MarkAlain Dery, DO, FACOI

The Omicron Variant and Inequity of Vaccine Distribution

by MarkAlain Dery, DO, FACOI
Infectious Disease Specialist

December 9, 2021

 

Here’s a news flash – the pandemic is global. That means we are all in this together. Okay, seriously, this is something we all know, but it seems we must be continually reminded that the Sars-CoV-2 virus knows no boundaries. It doesn’t stop at any border – and that is what should inform our decisions as countries working together to stop the pandemic.

As the newest variant, Omicron has reared its head, causing new concerns about its potential effects, the underlying problem is what has been at the foundation all along – inequity of vaccine distribution. More than half the world’s population has received at least one shot, but only 6% of the population in the world’s poorest countries have received the vaccine. Yet, here in the US and in other richer countries, vaccine supply indifference is rampant with doses being wasted and stockpiling of third and fourth doses – while other countries go without.

You’ll remember that COVAX was formed as a U.N. backed vaccine alliance to help distribute vaccines to poorer nations. Then that promise was scaled back. Now to make up the deficit, COVAX would have to deliver more than 1 million doses every hour until the end of the year. Obviously that is not going to happen. According to COVAX, mid- and low-income countries will need 4.65 billion doses to vaccinate 70% of their populations.

Our goals collectively should be to ensure that these countries get the supplies they need. This isn’t an entirely altruistic objective, because let’s face it, until protection is broadly spread across the world, we all remain at risk with new variants like Omicron popping up. The first case of the Omicron variant in the US was uncovered in San Francisco just days ago. The person was a traveler who returned from South Africa on November 22 and was fully vaccinated. That individual’s close contacts have all tested negative thus far. We are continuing to try to plug a hole in a dam that continues to sprout new ones. New variants will continue. For instance, last month, the World Health Organization said less than 10% of the 54 countries in Africa are likely to hit the target of vaccinating 40% of their population by the end of 2021.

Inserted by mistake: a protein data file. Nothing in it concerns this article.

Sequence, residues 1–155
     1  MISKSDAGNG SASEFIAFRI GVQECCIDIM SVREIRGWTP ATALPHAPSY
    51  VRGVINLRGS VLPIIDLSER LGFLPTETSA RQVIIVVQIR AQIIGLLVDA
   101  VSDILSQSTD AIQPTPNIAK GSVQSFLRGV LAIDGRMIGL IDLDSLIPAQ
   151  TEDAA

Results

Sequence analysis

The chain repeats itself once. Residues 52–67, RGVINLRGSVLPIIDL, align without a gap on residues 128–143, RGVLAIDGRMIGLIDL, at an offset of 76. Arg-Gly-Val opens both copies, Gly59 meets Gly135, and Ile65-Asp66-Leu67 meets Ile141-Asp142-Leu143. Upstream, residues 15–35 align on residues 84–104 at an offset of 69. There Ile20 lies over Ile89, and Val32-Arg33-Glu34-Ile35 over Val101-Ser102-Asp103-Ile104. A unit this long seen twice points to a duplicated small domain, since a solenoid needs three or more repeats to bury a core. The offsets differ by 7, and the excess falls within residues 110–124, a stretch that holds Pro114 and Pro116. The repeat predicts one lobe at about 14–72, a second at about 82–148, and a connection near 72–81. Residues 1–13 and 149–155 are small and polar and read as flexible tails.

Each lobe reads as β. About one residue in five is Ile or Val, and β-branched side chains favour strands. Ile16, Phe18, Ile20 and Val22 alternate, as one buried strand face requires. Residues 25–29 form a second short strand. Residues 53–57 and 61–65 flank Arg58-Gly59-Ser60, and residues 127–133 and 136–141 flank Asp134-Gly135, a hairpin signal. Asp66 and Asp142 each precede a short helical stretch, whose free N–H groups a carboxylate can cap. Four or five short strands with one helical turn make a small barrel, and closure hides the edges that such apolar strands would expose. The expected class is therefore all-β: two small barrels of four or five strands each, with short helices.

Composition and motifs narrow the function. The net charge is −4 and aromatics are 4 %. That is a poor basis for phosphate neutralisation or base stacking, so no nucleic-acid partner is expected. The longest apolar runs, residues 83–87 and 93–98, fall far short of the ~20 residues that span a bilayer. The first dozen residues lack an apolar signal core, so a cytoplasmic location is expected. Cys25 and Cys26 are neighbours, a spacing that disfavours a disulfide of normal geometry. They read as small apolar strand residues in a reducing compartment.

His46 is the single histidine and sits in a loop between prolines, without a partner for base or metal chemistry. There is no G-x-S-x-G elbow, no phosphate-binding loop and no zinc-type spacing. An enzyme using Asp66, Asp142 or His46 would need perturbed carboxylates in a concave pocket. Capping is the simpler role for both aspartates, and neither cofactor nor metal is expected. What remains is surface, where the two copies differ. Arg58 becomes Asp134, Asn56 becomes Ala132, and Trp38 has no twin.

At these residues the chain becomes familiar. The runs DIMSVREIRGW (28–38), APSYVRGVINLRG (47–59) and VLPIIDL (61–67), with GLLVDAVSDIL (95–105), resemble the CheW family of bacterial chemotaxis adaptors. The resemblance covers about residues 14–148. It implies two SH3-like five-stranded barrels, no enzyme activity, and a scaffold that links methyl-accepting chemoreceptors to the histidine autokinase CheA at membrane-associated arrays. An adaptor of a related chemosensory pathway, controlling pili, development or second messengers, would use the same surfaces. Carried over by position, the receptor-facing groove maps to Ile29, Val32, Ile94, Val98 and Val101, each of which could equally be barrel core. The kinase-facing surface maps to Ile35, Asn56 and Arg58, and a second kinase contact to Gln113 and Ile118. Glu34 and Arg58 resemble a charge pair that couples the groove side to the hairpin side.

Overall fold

Omicron has been identified already in 24 countries. Soon the Delta variant may be old news, since many epidemiologists are now predicting that Omicron will overtake Delta as early as next month. Rich countries like the US can prevent more variants. We need to help to ensure that poor countries can get vaccines. This can be done when we meet our financial pledges to COVAX and we stop stockpiling vaccines that will not get used. In addition, vaccine patent protection needs to be waived.

As public health advocates, we need to continue to call for the World Trade Organization to adopt the proposal (which was made more than a year ago) to temporarily waive intellectual property rights so other companies can also produce vaccines. This issue is being spearheaded by patient advocacy and human rights groups who are threatening legal action if countries like the US and Canada do not support the WTO waiver proposal. These groups are contending that obstructing the adoption of the waiver would breach legal duties to perform international human rights obligations. I agree with the head of the advocacy group Public Citizen, who says that it is clear we should have had 2 priorities at the beginning of the pandemic – to augment manufacturing capacity for the vaccine and to make sure there are no barriers to the transfer of technology or intellectual property so companies around the world can produce the vaccines.

We’ll be learning more about Omicron, but in the meantime, let’s not forget that there are places in the US that are still in a bind with Delta. Vermont recorded its highest total COVID cases since the start of the pandemic and New Hampshire, once a leader in vaccinations, is now second only to Michigan in the most new cases per capita over the past two weeks. Coming in third is Minnesota for the most new cases per capita. It was so bad there that the Pentagon sent medical teams in just last month to two major hospitals to relieve doctors and nurses and more are scheduled to travel to the state to help.

For our patients who are worried about the new variant…our message remains the same: get vaccinated!

Sources:

Stay True to Why You Pursued Medicine.

BECOME A MEMBER